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Snapchat Settles With FTC, Agrees to More Privacy Protections

Snapchat has agreed to increase privacy protections in its settlement with the FTC, following charges that users' photos and videos don't actually "disappear" as advertised.

The app maker will not be fined by the Federal Trade Commission (FTC), but it will have to lay off its claims about privacy and confidentiality of its users' data, reports The Washington Post. Snapchat will also be required to implement a new comprehensive privacy program.

What does this FTC settlement mean for Snapchat users?

Snapchat Data Can Be Saved

Snapchat users may have come to this realization already, but their photos and videos may not be as secret and secure as the app makers had advertised. It certainly isn't immune from being hacked, as many users found out in January.

But there's more. The FTC noted in its press release Thursday that Snapchat allegedly misrepresented how "ephemeral" the photos and videos sent by users really are. The FTC also alleges that:

  • Snapchat recipients who connect their devices to a computer could save received videos;
  • Pre-iOS 7 devices could save photos without notifying the sender;
  • Snapchat collected geolocation data from Android users despite saying it wouldn't in its privacy policy;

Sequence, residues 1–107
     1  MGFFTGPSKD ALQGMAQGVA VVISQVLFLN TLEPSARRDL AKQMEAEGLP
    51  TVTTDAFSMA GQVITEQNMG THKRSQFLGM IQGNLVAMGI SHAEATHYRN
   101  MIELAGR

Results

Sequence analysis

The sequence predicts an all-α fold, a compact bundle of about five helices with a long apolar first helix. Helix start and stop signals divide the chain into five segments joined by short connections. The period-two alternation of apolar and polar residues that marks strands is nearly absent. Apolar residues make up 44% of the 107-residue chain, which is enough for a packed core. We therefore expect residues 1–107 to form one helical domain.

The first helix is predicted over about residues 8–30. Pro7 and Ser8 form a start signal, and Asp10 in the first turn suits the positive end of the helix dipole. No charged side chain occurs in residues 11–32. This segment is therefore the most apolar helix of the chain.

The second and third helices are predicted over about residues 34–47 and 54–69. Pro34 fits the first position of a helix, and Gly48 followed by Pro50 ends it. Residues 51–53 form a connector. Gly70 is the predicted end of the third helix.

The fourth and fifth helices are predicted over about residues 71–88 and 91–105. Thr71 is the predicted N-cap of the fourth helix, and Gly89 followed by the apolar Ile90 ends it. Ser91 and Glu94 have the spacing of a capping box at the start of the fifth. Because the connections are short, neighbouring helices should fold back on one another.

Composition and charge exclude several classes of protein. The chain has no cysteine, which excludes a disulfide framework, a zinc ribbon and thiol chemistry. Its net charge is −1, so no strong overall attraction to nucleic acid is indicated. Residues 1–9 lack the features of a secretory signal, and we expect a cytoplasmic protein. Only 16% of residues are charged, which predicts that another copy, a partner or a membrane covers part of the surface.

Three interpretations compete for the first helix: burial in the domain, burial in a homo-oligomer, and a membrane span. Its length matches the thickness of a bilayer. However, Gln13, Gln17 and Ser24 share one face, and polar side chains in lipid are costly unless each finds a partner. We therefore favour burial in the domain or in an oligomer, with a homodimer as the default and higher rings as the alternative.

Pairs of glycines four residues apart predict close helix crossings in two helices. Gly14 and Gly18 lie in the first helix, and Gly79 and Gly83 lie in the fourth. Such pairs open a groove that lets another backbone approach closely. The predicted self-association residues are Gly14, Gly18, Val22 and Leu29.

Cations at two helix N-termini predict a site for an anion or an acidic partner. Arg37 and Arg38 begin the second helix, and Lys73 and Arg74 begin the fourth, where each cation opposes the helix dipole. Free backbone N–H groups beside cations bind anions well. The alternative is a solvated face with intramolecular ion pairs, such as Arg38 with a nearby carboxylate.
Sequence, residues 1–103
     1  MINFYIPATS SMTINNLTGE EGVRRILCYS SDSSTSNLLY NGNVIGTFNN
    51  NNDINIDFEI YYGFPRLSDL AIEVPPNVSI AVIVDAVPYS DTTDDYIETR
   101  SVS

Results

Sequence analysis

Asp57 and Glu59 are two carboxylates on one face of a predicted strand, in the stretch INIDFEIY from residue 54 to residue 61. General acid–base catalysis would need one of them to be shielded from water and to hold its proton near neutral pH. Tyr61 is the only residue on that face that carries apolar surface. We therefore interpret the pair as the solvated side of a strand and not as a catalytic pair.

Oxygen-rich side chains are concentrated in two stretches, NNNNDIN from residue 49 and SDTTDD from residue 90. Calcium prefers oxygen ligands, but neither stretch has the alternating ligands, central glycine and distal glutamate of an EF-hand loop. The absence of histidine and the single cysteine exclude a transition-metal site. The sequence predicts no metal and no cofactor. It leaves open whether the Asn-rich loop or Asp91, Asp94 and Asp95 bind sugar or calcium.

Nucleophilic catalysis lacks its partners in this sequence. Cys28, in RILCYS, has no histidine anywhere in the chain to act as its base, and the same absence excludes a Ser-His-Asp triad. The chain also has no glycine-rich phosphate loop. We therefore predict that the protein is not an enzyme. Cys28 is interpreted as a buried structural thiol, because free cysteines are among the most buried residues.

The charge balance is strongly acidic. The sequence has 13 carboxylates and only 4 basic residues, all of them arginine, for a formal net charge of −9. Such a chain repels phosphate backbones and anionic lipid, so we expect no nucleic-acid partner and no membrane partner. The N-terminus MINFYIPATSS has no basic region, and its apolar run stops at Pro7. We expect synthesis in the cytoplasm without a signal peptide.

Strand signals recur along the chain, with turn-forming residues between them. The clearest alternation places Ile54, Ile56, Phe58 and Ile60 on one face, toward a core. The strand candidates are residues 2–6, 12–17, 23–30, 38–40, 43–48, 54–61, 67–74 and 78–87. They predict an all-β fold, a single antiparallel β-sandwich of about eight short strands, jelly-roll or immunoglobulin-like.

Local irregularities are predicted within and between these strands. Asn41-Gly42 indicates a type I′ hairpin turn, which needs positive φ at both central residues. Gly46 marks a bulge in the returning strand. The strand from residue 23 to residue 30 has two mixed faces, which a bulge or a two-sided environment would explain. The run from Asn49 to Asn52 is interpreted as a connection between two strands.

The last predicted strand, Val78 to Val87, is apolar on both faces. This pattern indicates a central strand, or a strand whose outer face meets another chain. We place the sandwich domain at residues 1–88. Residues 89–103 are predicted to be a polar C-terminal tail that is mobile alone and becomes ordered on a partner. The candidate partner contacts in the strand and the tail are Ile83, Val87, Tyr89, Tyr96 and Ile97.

• Snapchat collected address book information from iOS users without notice or consent; and
  • Snapchat's "Find Friends" feature, which was linked to the massive breach, was not secure.

As noted in the settlement consent agreement, Snapchat won't be admitting fault for any of these allegations, but in exchange it will have to agree to some privacy changes.

Proposed Privacy Upgrades

In exchange for the FTC dropping their case, Snapchat will have to not only stop misrepresenting its "snaps" as being private, secure, or confidential, it will have to create a comprehensive privacy program.

Just like with Apple's antitrust case, the FTC has ordered that the company shall pay for a third-party monitor to make sure that Snapchat is actually following the terms of their agreement. The privacy monitor will make reports at least every two years for the next 20 years on Snapchat's privacy progress.

The ball is now in Snapchat's court to produce some sort of change in its privacy practices. Users may want to be a bit more cautious about their "snaps" until these changes are made.

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